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What to Know Now
As a person who traveled extensively on United last year and who also carefully monitors industry media, I see two sides to the airline every day. In the media, it seems like United can’t get a break. Frequent flyers criticize them for copying everything Delta does. Analysts boldly call them “laggards” in an industry that’s moving around them. Passengers give them grief about the default television station. Really.
In the air, things aren’t quite so dramatic. Sure, upgrades are hard to get, but the product is improving and everyone seems to hum along convivially. Like most airlines, there are good days and there are bad days — and there are certainly good humans and bad humans along the way.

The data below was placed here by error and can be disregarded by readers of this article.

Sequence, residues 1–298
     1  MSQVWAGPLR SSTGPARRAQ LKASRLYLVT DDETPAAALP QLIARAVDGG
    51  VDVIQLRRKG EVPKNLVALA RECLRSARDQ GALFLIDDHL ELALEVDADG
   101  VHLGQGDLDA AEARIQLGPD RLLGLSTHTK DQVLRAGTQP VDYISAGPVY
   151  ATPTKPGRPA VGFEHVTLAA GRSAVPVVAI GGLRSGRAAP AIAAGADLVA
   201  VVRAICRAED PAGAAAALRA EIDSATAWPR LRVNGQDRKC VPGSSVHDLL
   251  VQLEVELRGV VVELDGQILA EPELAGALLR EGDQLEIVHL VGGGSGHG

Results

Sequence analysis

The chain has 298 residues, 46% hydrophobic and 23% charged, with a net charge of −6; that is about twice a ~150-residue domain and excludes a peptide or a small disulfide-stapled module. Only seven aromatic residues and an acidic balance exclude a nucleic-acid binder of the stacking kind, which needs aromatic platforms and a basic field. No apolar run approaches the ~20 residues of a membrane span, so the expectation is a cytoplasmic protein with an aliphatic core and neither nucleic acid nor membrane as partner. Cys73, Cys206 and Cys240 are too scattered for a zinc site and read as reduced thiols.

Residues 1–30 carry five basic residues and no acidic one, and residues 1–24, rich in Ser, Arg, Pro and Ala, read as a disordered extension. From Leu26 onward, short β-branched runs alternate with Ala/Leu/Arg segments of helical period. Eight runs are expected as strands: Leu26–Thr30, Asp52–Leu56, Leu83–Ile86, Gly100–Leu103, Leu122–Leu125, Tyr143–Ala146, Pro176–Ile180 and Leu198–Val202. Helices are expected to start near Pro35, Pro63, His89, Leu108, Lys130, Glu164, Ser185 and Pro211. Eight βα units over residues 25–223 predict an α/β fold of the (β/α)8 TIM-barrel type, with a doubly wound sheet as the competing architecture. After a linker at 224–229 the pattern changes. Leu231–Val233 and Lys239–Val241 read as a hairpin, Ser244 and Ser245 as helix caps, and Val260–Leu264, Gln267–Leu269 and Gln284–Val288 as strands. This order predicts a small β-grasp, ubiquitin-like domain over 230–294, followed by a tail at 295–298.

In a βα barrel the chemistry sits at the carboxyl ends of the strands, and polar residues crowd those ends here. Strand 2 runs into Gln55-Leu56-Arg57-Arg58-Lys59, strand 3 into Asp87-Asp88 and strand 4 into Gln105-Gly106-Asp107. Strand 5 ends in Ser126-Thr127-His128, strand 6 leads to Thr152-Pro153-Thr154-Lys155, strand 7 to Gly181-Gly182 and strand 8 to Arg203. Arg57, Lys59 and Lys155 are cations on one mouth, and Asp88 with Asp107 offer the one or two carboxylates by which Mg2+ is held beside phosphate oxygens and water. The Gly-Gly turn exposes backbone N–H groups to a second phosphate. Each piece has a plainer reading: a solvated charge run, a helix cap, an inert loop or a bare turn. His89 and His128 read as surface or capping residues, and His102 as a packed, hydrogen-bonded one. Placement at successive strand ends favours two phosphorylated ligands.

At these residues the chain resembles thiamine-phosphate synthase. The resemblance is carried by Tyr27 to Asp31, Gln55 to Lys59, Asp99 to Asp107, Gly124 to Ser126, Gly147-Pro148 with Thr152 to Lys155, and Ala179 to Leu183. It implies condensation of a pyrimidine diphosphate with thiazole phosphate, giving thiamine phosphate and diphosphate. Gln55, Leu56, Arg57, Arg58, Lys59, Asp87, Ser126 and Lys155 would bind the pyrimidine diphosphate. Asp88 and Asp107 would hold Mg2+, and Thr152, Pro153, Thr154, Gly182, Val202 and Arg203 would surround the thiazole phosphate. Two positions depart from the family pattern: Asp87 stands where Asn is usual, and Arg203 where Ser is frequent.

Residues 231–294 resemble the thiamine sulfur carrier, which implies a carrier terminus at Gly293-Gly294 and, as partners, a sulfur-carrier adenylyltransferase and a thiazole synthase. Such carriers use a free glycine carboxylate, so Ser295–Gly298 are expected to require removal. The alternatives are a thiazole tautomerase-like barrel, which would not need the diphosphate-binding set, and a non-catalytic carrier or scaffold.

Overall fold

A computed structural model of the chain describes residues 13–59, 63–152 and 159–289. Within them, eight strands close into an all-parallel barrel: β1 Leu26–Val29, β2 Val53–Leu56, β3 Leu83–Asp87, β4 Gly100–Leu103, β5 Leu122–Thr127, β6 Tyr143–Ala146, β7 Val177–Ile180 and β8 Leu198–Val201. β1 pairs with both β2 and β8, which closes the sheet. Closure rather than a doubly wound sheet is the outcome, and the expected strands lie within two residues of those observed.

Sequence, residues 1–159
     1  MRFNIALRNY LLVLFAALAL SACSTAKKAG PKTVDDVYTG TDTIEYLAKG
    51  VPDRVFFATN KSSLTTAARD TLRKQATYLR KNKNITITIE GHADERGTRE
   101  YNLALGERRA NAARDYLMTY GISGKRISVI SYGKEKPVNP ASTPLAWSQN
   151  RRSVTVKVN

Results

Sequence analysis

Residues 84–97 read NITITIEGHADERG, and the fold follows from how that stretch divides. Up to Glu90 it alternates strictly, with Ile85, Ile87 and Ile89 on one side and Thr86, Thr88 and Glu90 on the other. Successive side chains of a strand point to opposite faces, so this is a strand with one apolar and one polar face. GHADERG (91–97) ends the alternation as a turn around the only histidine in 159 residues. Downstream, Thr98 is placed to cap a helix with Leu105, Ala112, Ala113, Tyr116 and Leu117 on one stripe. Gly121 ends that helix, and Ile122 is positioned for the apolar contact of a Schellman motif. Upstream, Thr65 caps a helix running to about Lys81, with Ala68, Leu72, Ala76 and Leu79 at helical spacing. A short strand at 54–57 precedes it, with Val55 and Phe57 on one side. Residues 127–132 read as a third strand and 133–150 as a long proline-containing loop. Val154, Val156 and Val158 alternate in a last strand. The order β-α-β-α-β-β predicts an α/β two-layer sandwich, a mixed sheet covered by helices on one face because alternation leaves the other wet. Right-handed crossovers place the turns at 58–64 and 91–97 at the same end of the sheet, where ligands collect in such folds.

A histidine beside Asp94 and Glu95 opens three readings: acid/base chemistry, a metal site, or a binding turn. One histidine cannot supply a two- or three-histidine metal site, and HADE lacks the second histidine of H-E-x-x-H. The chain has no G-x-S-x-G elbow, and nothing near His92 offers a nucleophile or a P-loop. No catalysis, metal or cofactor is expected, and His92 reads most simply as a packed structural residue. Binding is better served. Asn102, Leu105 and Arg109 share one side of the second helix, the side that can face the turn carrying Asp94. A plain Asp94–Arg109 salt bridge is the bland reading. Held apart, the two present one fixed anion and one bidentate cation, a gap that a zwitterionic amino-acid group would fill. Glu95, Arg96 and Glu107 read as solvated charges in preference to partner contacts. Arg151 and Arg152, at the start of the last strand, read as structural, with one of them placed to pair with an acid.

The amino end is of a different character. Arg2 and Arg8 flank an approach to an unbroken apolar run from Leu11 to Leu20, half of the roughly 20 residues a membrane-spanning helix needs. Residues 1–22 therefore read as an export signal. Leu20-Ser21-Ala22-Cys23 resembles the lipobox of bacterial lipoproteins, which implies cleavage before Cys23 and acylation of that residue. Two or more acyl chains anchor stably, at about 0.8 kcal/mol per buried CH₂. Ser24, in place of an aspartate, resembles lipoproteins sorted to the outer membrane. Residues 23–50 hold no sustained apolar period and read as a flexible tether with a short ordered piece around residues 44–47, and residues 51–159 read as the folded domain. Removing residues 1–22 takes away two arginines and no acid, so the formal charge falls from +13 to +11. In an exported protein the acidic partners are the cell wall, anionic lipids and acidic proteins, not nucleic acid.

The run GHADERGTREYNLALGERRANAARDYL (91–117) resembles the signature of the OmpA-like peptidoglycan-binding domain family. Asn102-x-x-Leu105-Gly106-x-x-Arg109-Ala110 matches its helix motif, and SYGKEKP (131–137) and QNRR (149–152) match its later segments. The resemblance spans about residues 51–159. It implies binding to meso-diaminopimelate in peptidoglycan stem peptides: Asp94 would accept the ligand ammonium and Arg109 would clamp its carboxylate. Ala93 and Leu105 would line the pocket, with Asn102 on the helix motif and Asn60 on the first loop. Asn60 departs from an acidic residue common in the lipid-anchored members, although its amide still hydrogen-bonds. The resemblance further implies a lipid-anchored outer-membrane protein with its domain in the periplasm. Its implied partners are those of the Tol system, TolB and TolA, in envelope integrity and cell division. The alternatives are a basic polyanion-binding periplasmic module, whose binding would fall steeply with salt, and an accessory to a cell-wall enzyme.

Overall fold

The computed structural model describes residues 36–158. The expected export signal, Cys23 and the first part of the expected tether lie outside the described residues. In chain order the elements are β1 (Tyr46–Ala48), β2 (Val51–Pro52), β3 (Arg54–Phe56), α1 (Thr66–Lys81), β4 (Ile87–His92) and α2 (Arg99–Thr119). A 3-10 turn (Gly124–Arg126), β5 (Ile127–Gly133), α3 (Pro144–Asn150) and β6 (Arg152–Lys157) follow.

Metaphorically speaking, my trip to Los Angeles and back yesterday may sum up the airline well. We got in early, but had to sit on the tarmac waiting for a stand to free up. On the way back: twenty minutes delayed thanks to a late-arriving aircraft. United is fine. Good even. The question is whether they can thrive when everyone else becomes great.
I’d be interested in your experiences as well. Send a note to gm[at]skift[dot]com if you’ve noticed a big change in United over the last few years.
Social Quote of the Day
Honestly, I have no idea. I don’t fly @united for the food. Although I’m really not sure why I fly @united tbh.
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